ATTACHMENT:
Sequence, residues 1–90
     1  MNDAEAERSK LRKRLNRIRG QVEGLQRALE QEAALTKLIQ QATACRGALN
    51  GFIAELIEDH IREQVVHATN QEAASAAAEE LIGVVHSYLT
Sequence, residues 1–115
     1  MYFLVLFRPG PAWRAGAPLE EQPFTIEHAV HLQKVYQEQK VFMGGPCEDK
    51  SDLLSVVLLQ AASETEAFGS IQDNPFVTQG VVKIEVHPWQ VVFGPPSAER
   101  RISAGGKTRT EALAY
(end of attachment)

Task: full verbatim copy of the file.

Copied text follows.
Sequence, residues 1–90
     1  MNDAEAERSK LRKRLNRIRG QVEGLQRALE QEAALTKLIQ QATACRGALN
    51  GFIAELIEDH IREQVVHATN QEAASAAAEE LIGVVHSYLT
Sequence, residues 1–115
     1  MYFLVLFRPG PAWRAGAPLE EQPFTIEHAV HLQKVYQEQK VFMGGPCEDK
    51  SDLLSVVLLQ AASETEAFGS IQDNPFVTQG VVKIEVHPWQ VVFGPPSAER
   101  RISAGGKTRT EALAY